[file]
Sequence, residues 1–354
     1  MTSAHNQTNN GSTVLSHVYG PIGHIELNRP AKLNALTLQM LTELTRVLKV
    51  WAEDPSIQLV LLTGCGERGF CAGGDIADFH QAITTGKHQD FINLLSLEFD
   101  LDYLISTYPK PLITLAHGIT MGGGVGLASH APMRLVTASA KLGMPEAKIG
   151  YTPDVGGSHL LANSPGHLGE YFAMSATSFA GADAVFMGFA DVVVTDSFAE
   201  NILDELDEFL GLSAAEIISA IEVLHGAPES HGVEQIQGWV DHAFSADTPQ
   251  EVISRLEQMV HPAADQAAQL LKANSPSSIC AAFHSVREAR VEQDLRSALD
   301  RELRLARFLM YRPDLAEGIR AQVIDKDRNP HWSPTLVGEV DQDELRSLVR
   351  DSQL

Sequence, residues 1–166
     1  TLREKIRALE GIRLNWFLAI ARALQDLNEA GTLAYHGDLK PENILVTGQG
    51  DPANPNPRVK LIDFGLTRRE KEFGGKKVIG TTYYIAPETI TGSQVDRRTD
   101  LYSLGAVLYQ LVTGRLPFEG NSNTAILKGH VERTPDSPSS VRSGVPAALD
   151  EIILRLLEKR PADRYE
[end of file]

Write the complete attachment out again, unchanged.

Sequence, residues 1–354
     1  MTSAHNQTNN GSTVLSHVYG PIGHIELNRP AKLNALTLQM LTELTRVLKV
    51  WAEDPSIQLV LLTGCGERGF CAGGDIADFH QAITTGKHQD FINLLSLEFD
   101  LDYLISTYPK PLITLAHGIT MGGGVGLASH APMRLVTASA KLGMPEAKIG
   151  YTPDVGGSHL LANSPGHLGE YFAMSATSFA GADAVFMGFA DVVVTDSFAE
   201  NILDELDEFL GLSAAEIISA IEVLHGAPES HGVEQIQGWV DHAFSADTPQ
   251  EVISRLEQMV HPAADQAAQL LKANSPSSIC AAFHSVREAR VEQDLRSALD
   301  RELRLARFLM YRPDLAEGIR AQVIDKDRNP HWSPTLVGEV DQDELRSLVR
   351  DSQL

Sequence, residues 1–166
     1  TLREKIRALE GIRLNWFLAI ARALQDLNEA GTLAYHGDLK PENILVTGQG
    51  DPANPNPRVK LIDFGLTRRE KEFGGKKVIG TTYYIAPETI TGSQVDRRTD
   101  LYSLGAVLYQ LVTGRLPFEG NSNTAILKGH VERTPDSPSS VRSGVPAALD
   151  EIILRLLEKR PADRYE